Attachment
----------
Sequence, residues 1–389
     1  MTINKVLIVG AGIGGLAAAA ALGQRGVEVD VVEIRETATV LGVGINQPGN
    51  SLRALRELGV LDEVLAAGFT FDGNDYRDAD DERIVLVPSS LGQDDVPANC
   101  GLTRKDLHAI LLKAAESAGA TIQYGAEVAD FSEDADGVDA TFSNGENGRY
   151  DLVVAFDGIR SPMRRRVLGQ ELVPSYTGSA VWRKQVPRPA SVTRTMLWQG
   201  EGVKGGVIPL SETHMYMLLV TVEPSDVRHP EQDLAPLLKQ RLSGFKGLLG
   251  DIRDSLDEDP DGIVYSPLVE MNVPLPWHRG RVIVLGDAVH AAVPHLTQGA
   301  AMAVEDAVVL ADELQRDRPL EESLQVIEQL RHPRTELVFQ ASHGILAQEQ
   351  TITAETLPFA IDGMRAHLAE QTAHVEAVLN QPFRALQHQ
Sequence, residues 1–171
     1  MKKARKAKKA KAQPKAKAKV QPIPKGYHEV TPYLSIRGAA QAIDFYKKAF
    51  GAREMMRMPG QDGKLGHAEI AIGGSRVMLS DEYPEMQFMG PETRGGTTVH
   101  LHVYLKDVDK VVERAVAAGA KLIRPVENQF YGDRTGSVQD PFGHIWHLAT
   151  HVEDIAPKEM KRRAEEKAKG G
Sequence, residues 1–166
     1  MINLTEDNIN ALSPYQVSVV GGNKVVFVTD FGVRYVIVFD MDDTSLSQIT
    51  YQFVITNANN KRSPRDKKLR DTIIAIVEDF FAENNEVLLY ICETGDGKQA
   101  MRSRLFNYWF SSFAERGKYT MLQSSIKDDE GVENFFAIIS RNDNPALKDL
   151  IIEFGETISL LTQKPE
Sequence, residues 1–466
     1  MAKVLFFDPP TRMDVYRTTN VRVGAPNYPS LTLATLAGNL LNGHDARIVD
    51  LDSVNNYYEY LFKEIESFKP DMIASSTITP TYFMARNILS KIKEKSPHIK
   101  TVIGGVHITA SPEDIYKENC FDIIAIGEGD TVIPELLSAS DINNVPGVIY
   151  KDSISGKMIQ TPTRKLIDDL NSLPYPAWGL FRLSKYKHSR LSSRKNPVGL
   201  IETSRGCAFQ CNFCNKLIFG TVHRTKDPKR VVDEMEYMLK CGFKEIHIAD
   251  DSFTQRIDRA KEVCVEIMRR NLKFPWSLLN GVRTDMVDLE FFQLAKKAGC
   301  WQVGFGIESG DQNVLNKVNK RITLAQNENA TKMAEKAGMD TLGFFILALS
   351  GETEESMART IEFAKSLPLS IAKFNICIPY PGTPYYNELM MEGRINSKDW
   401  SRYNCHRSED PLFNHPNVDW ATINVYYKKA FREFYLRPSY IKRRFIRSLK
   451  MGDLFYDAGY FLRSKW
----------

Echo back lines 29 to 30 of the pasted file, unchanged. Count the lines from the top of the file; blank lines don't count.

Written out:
   401  SRYNCHRSED PLFNHPNVDW ATINVYYKKA FREFYLRPSY IKRRFIRSLK
   451  MGDLFYDAGY FLRSKW